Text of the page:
KCA-420i Experiment/Review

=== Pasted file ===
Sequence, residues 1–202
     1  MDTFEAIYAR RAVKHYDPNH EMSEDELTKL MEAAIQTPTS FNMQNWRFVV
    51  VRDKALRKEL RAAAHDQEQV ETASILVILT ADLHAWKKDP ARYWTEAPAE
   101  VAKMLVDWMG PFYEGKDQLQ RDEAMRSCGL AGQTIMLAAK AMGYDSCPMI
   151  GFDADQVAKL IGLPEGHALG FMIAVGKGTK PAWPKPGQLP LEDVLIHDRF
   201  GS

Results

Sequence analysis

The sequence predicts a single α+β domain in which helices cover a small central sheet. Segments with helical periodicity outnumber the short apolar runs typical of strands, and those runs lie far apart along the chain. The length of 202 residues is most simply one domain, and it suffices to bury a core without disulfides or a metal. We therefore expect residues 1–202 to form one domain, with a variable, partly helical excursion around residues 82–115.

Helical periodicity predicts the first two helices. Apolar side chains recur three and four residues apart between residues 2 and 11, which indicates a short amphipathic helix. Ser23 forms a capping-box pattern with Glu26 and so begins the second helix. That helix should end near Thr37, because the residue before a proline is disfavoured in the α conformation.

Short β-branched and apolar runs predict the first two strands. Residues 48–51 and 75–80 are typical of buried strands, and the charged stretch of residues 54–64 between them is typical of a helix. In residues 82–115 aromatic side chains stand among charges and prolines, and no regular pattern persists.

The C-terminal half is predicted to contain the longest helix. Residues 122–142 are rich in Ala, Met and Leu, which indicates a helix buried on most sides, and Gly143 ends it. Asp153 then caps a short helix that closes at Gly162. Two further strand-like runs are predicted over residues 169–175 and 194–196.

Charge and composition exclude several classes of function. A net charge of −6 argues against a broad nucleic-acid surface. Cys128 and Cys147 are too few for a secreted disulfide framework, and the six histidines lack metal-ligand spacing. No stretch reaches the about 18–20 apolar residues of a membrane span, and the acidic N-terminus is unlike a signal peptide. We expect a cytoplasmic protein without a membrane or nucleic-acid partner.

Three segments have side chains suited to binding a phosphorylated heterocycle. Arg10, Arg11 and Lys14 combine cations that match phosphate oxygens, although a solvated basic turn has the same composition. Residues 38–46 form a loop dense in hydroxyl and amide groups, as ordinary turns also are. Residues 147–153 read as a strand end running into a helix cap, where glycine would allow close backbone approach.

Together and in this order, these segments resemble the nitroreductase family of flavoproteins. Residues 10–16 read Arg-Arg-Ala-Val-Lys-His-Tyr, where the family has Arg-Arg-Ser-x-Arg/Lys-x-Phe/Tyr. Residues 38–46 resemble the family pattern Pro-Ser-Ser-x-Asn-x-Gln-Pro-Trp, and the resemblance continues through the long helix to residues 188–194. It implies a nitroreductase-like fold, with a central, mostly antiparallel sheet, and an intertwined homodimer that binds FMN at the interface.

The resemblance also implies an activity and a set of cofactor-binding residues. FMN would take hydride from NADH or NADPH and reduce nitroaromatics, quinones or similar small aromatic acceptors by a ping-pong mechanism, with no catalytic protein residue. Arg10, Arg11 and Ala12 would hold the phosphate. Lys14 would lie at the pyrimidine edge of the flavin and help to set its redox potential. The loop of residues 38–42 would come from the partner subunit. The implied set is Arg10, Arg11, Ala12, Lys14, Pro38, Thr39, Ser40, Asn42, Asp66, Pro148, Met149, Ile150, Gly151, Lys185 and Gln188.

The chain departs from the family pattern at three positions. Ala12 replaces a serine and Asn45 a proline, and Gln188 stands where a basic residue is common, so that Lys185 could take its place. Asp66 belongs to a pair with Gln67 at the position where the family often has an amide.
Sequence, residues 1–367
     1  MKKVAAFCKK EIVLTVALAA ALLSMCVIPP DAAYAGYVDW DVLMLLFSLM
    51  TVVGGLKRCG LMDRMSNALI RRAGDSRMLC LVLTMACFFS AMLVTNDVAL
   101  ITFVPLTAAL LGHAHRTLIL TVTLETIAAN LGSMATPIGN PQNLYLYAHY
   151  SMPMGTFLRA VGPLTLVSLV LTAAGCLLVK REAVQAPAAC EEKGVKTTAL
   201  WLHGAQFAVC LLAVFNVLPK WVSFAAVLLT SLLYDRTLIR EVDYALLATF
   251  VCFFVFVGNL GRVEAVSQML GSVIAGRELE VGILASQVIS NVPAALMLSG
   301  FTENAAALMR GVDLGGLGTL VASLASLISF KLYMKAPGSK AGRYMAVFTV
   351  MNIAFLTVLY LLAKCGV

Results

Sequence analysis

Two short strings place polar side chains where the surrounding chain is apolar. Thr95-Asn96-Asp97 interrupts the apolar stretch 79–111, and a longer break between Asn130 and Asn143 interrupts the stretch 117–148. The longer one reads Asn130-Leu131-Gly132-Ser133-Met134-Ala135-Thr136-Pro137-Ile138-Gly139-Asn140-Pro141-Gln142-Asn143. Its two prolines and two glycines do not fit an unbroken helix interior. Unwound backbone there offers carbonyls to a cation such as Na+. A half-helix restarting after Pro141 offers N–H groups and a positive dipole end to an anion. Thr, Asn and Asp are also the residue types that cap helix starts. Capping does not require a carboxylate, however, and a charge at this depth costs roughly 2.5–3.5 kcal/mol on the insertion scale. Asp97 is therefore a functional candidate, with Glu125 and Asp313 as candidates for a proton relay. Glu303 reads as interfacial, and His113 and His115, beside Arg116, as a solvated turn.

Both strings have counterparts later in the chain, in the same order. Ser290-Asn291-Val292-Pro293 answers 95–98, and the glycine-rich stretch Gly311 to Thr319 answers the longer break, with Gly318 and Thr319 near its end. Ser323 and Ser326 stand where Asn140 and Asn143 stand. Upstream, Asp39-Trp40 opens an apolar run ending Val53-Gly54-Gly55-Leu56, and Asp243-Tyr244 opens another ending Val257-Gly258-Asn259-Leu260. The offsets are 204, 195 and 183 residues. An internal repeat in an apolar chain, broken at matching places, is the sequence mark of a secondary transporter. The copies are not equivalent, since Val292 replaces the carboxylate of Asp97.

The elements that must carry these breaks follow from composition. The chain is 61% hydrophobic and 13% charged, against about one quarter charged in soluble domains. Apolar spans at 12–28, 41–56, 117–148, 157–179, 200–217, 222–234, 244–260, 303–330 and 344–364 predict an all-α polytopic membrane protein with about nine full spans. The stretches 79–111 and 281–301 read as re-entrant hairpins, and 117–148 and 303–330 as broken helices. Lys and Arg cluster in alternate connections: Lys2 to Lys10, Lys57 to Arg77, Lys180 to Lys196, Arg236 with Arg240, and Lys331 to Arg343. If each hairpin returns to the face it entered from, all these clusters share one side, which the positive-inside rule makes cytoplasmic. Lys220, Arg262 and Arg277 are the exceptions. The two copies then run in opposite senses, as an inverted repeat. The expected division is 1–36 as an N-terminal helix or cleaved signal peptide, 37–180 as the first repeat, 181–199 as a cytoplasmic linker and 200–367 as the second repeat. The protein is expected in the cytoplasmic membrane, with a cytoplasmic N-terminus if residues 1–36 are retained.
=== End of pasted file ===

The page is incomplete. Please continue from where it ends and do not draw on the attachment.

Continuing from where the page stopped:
I recently bought an Alpine KCA-420i iPod adapter from the local Best Buy and an Alpine 9825 CD player (as a closeout from Circuit City) to control it. I don't do a lot of driving during the week, but on weekends I often head up to the Great White North, eh? Radio reception gets pretty crappy between here and Vancouver, especially the NPR station that I know and love. And right now they're doing their spring fund drive, so the iPod feature has gotten a bit of extra use. The good news is that the KCA does what it says. The bad news is that the usability is crap, even if you haven't been spoiled by using an iPod. The reason for this is that the device is essentially a hack — it makes the iPod look like a CD changer to the head unit, and since the iPod is not a CD changer, the usability suffers. Give a literate six-year-old an iPod (better get AppleCare!), and he'll probably figure out how to use it in short order. In fact the UI is so intuitive that the instruction manual that comes with the iPod is basically a waste of paper. I've got a hard-earned Bachelor of Science in Engineering and I couldn't figure out how to get the thing to work without reading the instructions (and let's just say that even if seven languages weren't included in the manual, it'd still be too thick to staple). By far the most infuriating bit is trying to scroll through a selection of songs, artists or albums. The scrolling is done through a little rotary encoder on the faceplate. But no matter how quickly you twist the thing, things scroll by at around 2 lines per second. There are three ways to "search" (read: scroll through at a 2 lines per second) for songs: all playlists, all artists, and all albums. The playlist "search" is more or less usable (more on that later). The other two search modes are strictly emergency-backup material: scrolling through a hundred artists at 2 lines per second while driving is an invitation to having a horrible accident. Same goes for albums. And both are made worse if some or all of your library is downloaded (legally or otherwise) rather than ripped from CD. When you go into an artist playlist, the songs come through in one big array, ordered by album and track number, so if you have a few hundred tracks by one artist, it's still a PITA. To their credit, Alpine acknowledges the above and recommends making all songs accessible through a playlist. I could do smart playlists by genre, but I'd end up with around four slightly less useless playlists ("Electronic," "Alternative" and "Rock," plus "Everything Else"). Instead I've decided to create eight (point one) playlists that are alpha by artist, then album, then track number (think telephone keypad). I'm not sure if this solves much, but I'll get back to you in about a week after I've had some time to try it out. In any case, there's a glaring business opportunity for some boutique car stereo manufacturer to improve on this. I picture a nice fat rotary encoder (maybe the force-feedback one I proposed on halfbakery.com), an FM tuner chip, a bitmap LCD display that doesn't suck (IOW, not like the 9825's), and an optional amp (since quite a few high-end audio types use discrete stuff nowadays). That and either an iPod dock on the front of the thing or a cable to run into the glovebox. The iPod remote protocol has been reverse engineered and in any case you could probably get it from Apple if you look like a perfectly legitimate enterprise. This is the sort of thing you could program a Gumstix to do. Why not leave out the iPod altogether? Well, first off you need a way to get the music from your (friend's) CDs or the internets onto your car stereo. Secondly, you can take your iPod with you (both to keep it from being stolen or to listen to music whereever you've driven to). Third so that you can buy from the largest online retailer of digital music and not have to commit a felony to listen to your music on the road. Another thought was why not "remanufacture" an iPod into a detachable-face-plate-like-thingy with more car-oriented controls? But in the end most people spend a fair amount of time listening to radio in their car, so unless you can come up with a good way of making an iPod control an FM tuner, I think it's a lousy idea.


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